Attributed to GIACOMO LEGI (active around... - Lot 6 - Millon

Lot 6
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Result : 18 000EUR
Attributed to GIACOMO LEGI (active around... - Lot 6 - Millon
Attributed to GIACOMO LEGI (active around 1640-45)
Still life of flowers, fruits, with in the foreground a young boy peeling a fruit
Canvas
165,5 x 235 cm

Provenance :
Private collection from Marseille since 1900

Giacomo Legi was probably born in Liège around 1600, from which he took his Italianized name "Legi". He moved to Genoa to make a career there and entered the studio of Jan Roos, a Flemish painter, also expatriated to Italy and specializing in still lifes and market scenes.

Genoa, an important port city, was then experiencing a great artistic emulation thanks to the many potential collectors who lived there, but also because the competition between artists was less intense than in Rome or Florence. There was a community of Flemish artists in the city who helped each other and above all collaborated, an artistic genre was born of this emulation. These scenes of interiors, kitchens, markets,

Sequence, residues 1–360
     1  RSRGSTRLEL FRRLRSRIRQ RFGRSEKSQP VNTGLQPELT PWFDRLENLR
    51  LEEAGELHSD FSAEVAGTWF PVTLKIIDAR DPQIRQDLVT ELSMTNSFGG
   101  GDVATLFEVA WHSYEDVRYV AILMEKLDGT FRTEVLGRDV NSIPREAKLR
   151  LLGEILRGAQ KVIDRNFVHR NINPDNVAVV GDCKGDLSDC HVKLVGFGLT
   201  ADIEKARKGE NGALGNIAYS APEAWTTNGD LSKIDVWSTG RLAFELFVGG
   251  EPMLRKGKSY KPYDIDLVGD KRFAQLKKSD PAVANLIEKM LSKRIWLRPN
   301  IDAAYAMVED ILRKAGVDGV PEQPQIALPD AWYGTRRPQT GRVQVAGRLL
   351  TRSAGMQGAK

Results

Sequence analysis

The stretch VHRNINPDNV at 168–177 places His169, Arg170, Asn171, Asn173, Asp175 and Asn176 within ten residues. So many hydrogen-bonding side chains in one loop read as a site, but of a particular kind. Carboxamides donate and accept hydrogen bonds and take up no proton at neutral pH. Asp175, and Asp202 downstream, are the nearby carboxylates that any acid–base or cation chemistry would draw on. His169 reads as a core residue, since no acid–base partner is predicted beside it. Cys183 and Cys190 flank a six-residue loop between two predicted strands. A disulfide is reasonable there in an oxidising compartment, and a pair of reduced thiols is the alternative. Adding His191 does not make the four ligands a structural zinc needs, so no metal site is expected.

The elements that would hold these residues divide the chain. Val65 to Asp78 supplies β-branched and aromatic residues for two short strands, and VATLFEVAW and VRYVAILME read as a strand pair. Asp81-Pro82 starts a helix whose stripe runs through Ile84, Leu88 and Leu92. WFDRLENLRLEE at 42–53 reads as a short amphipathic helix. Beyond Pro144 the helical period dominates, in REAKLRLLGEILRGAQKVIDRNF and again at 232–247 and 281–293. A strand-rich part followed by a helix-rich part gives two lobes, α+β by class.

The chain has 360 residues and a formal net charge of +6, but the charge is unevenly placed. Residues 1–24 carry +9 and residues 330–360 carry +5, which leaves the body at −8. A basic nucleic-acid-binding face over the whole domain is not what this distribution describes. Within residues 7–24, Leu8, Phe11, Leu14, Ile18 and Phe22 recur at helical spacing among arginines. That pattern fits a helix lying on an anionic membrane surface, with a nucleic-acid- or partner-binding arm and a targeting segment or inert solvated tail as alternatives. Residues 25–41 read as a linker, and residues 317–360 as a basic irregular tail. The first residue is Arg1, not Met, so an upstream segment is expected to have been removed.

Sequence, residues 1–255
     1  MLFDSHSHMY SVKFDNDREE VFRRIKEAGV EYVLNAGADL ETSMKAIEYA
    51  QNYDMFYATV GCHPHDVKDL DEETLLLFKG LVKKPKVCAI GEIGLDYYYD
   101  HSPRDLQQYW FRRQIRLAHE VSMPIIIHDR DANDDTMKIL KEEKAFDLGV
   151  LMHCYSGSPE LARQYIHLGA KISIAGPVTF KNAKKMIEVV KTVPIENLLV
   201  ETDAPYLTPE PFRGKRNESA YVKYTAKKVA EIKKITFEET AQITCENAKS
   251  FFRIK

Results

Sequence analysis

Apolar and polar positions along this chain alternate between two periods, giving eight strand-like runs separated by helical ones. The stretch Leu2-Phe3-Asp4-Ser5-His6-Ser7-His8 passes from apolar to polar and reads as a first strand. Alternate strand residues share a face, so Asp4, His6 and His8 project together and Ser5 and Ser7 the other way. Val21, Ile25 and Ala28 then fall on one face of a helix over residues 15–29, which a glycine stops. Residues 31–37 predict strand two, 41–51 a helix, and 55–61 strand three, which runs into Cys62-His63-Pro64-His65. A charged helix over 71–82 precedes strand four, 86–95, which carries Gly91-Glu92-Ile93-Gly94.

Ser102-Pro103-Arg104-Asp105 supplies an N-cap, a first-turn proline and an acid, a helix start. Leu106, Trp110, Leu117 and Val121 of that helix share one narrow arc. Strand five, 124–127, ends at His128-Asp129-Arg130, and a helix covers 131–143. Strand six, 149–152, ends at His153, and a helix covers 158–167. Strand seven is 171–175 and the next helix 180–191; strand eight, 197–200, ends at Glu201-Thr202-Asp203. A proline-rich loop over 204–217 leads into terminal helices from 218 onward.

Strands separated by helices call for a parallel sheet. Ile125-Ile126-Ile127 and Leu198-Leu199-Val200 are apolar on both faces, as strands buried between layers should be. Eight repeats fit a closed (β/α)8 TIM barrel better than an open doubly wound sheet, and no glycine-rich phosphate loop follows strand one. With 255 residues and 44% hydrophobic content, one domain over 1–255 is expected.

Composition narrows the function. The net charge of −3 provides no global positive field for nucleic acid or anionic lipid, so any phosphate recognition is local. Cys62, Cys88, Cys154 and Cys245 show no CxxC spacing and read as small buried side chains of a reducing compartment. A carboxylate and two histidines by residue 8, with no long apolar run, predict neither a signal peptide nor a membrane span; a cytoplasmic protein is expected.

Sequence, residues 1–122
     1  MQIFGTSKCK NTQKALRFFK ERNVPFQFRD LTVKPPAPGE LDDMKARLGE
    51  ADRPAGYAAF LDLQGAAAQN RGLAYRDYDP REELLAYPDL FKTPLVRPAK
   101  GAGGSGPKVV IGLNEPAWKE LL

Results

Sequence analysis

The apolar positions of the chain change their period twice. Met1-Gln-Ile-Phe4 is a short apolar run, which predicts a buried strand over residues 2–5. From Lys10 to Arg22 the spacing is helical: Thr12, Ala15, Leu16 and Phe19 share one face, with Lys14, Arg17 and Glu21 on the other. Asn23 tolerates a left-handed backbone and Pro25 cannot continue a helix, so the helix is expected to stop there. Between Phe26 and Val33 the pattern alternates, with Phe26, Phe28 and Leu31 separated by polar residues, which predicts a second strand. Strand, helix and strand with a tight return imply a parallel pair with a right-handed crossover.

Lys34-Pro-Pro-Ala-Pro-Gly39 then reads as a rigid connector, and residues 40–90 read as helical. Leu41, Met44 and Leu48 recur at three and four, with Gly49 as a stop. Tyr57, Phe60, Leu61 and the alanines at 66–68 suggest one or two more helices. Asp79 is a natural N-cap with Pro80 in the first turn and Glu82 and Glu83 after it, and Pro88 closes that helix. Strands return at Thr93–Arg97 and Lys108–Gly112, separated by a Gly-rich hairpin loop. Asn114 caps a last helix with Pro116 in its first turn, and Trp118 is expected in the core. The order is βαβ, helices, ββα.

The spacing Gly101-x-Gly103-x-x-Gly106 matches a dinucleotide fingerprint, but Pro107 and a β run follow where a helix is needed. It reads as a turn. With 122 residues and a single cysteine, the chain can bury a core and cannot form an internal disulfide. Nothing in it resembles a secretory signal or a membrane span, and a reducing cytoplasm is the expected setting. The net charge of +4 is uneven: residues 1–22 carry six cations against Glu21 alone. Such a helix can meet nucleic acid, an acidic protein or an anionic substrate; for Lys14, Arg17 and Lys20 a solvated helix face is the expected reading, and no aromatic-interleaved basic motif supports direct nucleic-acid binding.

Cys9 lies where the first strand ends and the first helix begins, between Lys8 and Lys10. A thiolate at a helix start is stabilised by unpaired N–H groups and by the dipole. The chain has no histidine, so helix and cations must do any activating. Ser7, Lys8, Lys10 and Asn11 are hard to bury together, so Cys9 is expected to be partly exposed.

traditionally derived from Flemish painting, took root in Genoa, inspiring
local painters such as Domenico Fiasella (1589-1669) or Domenico Piola (1627-1703).

This community of Flemish painters, led by Jan Roos, invented together a new genre of complex compositions
complex compositions, stemming from their Nordic origins with a certain taste for the neat details, the licked still lives, the subjects of interiors, which they mix with the elegance of the Genoese baroque, with a brushed matter, a spontaneous brush with the nuanced colors. A sweet mixture of the best of the two schools from which our work comes.

It is difficult to trace chronologically or even formally attribute Legi's work, as none of it is dated and, to our knowledge, none of it is signed either. Our painting can, however, be linked to his mature period, during which his style is characterized by an abundance of detail, with a rich brushwork and light-dark contrasts. One thing is certain, however, and that is that Legi almost systematically collaborated with other painters from the same workshop, often for the figures, and this is undoubtedly the case.
figures and this is undoubtedly the case for our painting.

Here we note in the foreground the interesting presence of the young boy peeling a fruit, taken from a composition by Caravaggio known from several versions or copies, proof of the influence of the Roman master even in Genoese kitchen scenes.

Our work in its horizontality, its profusion of details, elements of still life, flowers, fruit and even musical instruments is characteristic of the Baroque. The master explores a multitude of subjects in the same composition, with a brush that is sometimes generous, sometimes precise in the details, allowing the viewer's eyes to be guided in a virtuoso manner.
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